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Cancers 2016, 8(10), 97;

The Role of TAM Family Receptors in Immune Cell Function: Implications for Cancer Therapy

IMBA, Institute of Molecular Biotechnology of the Austrian Academy of Sciences, Dr. Bohrgasse 3, A-1030 Vienna, Austria
Authors to whom correspondence should be addressed.
Academic Editors: Deric L. Wheeler and Toni M. Brand
Received: 5 September 2016 / Revised: 13 October 2016 / Accepted: 14 October 2016 / Published: 21 October 2016
(This article belongs to the Special Issue TAM family receptors in cancer biology and therapeutic resistance)
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The TAM receptor protein tyrosine kinases—Tyro3, Axl, and Mer—are essential regulators of immune homeostasis. Guided by their cognate ligands Growth arrest-specific gene 6 (Gas6) and Protein S (Pros1), these receptors ensure the resolution of inflammation by dampening the activation of innate cells as well as by restoring tissue function through promotion of tissue repair and clearance of apoptotic cells. Their central role as negative immune regulators is highlighted by the fact that deregulation of TAM signaling has been linked to the pathogenesis of autoimmune, inflammatory, and infectious diseases. Importantly, TAM receptors have also been associated with cancer development and progression. In a cancer setting, TAM receptors have a dual regulatory role, controlling the initiation and progression of tumor development and, at the same time, the associated anti-tumor responses of diverse immune cells. Thus, modulation of TAM receptors has emerged as a potential novel strategy for cancer treatment. In this review, we discuss our current understanding of how TAM receptors control immunity, with a particular focus on the regulation of anti-tumor responses and its implications for cancer immunotherapy. View Full-Text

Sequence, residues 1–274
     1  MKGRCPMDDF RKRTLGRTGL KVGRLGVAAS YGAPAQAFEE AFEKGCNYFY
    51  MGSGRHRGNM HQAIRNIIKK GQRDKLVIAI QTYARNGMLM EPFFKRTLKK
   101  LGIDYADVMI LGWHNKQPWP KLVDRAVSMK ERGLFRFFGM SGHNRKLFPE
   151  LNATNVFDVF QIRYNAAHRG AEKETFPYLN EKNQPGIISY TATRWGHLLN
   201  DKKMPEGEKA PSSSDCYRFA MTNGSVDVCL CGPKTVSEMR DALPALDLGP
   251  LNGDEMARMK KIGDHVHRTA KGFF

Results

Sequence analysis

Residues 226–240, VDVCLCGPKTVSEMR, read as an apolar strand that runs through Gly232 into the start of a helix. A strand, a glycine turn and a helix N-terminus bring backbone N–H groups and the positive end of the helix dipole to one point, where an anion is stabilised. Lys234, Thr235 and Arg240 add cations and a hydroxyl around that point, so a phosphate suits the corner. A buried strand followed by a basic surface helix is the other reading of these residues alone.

Keywords: TAM receptors; Gas6; Protein S; cancer immunotherapy; NK cells; Cbl-b TAM receptors; Gas6; Protein S; cancer immunotherapy; NK cells; Cbl-b

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Paolino, M.; Penninger, J.M. The Role of TAM Family Receptors in Immune Cell Function: Implications for Cancer Therapy. Cancers 2016, 8, 97.

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